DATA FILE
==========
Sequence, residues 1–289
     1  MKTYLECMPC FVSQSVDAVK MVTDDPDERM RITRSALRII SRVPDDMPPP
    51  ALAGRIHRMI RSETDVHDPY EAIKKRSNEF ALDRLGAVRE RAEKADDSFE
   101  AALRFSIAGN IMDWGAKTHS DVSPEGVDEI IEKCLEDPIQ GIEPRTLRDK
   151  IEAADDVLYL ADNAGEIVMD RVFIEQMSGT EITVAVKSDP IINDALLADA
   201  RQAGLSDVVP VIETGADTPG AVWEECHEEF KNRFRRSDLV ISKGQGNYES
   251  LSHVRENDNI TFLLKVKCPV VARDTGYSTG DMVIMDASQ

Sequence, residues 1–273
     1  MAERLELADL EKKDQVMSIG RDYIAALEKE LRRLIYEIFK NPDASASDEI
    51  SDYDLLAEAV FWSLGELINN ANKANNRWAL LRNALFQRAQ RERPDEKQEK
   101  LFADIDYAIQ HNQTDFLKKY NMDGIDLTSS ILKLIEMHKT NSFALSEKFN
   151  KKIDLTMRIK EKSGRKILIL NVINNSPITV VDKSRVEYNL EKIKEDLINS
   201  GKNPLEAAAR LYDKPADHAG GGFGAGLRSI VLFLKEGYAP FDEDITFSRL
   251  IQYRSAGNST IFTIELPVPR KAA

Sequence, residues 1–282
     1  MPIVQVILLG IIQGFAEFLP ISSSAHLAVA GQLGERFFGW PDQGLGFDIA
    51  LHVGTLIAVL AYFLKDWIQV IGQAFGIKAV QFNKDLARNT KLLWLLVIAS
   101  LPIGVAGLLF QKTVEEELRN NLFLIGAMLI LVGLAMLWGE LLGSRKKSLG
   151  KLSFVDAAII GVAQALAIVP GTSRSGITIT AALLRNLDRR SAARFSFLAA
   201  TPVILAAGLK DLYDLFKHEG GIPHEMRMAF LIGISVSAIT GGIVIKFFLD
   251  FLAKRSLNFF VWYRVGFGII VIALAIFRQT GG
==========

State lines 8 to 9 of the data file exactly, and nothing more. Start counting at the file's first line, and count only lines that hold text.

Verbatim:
Sequence, residues 1–273
     1  MAERLELADL EKKDQVMSIG RDYIAALEKE LRRLIYEIFK NPDASASDEI